The Government's parallel 1992 action alleged that NYCHA, in violation of the Fair Housing Act, as amended, 42 U.S.C. §§ 3601 et seq., engaged in the following discriminatory practices: (1) using codes to indicate to NYCHA personnel that only white families could be referred to certain projects; (2) misinforming applicants on the basis of their race or national origin about the availability of apartments; (3) using race as a criteria for allocating apartments, such as replacing families of a given race or national origin with families of the same race or national origin; (4) using postal zone restrictions to ensure that families assigned to certain projects were predominately of one race; and (5) using race and national origin as a criteria in the rent-up of new projects.

 The Government, the Davis Plaintiffs and NYCHA engaged in extensive settlement negotiations between October 1991 and June 1992. On July 1, 1992, a Consent Decree was signed which included the TSAP. The Consent Decree consolidated the Government and Davis Complaints, certified a plaintiff class of Black and Hispanic applicants and tenants in Davis, and provided certain relief with respect to the Plaintiffs.

 II. The Fairness Hearing

 Pursuant to Fed. R. Civ. P. 23(e), a fairness hearing was held on November 6, 1992 before the Honorable Pierre N. Leval. *fn1" Additional written statements were received by the Court through November 11, 1992.

 A summary order approving the Consent Decree was entered on November 17, 1992, followed by the written opinion and order of the Court on December 30, 1992.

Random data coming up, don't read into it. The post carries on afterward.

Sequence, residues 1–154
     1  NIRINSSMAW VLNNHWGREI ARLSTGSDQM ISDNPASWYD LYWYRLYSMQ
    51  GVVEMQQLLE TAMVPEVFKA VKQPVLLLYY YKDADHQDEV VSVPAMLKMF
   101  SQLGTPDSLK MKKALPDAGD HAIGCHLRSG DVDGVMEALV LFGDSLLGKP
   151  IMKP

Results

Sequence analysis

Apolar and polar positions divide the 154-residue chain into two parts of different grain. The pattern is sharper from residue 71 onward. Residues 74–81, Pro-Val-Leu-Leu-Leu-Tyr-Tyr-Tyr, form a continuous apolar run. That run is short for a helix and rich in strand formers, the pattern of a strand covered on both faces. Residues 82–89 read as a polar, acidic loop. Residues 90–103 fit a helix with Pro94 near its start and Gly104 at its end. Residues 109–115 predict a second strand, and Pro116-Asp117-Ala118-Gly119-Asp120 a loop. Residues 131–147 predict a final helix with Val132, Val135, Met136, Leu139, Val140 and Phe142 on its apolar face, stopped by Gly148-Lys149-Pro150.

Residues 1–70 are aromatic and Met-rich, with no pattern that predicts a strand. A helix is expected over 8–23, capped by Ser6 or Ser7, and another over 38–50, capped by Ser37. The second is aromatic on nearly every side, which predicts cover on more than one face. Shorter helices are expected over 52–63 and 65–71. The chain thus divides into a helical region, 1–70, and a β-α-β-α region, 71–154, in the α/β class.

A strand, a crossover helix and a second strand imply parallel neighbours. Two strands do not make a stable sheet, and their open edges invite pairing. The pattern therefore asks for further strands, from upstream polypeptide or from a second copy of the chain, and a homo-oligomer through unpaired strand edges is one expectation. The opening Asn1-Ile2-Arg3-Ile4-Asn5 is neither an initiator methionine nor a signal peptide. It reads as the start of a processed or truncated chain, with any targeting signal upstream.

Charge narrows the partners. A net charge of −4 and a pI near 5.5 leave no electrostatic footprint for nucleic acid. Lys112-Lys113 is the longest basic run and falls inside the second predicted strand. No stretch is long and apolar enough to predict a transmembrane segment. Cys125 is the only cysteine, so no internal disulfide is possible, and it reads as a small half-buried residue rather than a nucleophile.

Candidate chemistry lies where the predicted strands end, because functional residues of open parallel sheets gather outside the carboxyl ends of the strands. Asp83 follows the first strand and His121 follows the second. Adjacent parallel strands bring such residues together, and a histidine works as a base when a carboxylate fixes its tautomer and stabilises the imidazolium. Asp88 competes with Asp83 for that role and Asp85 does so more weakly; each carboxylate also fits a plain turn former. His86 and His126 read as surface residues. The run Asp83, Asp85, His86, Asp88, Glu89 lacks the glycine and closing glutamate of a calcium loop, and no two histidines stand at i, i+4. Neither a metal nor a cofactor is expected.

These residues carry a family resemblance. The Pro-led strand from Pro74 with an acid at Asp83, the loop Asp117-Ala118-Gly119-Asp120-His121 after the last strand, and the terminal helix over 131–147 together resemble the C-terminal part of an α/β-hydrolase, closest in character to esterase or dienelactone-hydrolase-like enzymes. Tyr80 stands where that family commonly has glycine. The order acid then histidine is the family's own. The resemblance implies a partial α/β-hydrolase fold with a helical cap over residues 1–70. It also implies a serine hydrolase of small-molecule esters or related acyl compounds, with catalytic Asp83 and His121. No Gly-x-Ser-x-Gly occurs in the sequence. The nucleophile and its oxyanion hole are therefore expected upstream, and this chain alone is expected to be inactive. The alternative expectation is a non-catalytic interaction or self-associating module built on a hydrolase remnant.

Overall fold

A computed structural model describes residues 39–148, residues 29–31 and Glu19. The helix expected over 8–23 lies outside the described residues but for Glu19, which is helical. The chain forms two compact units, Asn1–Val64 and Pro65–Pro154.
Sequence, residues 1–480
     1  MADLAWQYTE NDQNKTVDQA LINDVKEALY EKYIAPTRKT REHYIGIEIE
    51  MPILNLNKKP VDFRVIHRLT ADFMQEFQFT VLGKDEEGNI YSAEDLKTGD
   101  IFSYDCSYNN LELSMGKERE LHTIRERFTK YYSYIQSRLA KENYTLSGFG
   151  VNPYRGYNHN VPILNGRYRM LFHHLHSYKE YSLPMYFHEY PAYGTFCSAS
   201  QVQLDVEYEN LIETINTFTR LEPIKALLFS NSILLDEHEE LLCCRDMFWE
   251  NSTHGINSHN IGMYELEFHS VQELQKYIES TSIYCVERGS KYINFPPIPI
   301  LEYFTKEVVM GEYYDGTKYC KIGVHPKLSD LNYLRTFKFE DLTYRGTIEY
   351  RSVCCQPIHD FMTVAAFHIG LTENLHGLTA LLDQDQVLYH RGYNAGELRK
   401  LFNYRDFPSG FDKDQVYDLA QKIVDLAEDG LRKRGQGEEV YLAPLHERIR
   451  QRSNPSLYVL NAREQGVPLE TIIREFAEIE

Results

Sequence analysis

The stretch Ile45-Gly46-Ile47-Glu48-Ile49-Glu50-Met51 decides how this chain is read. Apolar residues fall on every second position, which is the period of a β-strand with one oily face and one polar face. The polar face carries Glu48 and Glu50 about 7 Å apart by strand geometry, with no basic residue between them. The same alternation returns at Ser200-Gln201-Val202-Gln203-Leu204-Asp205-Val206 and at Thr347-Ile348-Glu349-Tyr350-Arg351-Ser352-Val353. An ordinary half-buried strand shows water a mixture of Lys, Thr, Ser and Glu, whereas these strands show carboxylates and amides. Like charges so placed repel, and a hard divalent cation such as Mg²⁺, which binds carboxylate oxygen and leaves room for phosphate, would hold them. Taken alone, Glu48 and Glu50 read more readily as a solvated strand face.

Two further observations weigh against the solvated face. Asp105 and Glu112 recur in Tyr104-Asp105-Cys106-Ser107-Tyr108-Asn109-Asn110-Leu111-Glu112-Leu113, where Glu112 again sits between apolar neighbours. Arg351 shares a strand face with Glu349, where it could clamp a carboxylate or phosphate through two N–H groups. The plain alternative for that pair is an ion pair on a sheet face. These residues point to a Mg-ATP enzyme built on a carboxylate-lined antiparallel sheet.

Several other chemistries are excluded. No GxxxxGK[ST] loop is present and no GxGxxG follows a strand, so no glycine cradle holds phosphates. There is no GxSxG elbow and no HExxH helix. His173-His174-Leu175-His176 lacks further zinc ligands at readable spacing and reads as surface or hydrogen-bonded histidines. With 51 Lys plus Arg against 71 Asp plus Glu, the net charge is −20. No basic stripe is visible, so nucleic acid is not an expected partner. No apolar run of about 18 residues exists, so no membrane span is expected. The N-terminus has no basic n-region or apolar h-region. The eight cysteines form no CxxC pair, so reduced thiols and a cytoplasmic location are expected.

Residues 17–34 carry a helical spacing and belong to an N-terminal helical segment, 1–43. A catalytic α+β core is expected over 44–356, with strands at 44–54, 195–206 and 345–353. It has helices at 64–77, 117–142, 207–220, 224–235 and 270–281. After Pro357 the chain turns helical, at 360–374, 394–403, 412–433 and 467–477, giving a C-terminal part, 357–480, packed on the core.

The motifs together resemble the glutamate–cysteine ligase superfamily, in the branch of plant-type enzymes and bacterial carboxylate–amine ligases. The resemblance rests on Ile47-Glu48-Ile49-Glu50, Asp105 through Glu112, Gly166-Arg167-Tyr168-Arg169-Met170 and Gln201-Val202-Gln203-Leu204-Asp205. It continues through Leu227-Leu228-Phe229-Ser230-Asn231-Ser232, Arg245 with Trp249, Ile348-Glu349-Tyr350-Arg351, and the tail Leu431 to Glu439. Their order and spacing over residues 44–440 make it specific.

III. The Consent Decree

 The Consent Decree provides for the following: (1) injunctive relief barring future housing discrimination on the basis of race, color or national origin, Consent Decree P 4; (2) the implementation of a new TSAP which substantially revises NYCHA's tenant selection and assignment systems, and which prohibits further discrimination, Consent Decree PP 5-9, Ex. B; (3) remedial relief for 2,190 claimants *fn2" of NYCHA's past discrimination, Consent Decree PP 10-39; and (4) significant record-keeping and reporting by NYCHA regarding tenant selection and assignment practices, Consent Decree PP 43-48.

 The Consent Decree also requires NYCHA to "adopt and implement the TSAP . . . to prevent any unlawful discrimination on the basis of race, color, or national origin." Consent Decree P 5. In adopting and implementing the TSAP with "respect to existing projects and new projects to be opened in the future," NYCHA agreed that it would use "no racial quota system, or other practice, technique or device to house Applicants in particular projects, buildings, or apartments, or to otherwise limit the availability of housing, on account of race, color, or national origin." Consent Decree P 7(a).

 The Consent Decree states that the TSAP will be fully implemented within one year after the Court's entry of the Consent Decree and that the TSAP, to be jointly monitored by the parties, will remain in effect for five years. The Consent Decree further provides that:

 
within the one-year period, the Housing Authority shall inform plaintiffs' counsel by certified letter that the TSAP is fully implemented and the five-year period shall begin on the date of the receipt of such letter. The plaintiffs will not challenge any conduct by the Housing Authority during the five-year period that is in compliance with the ...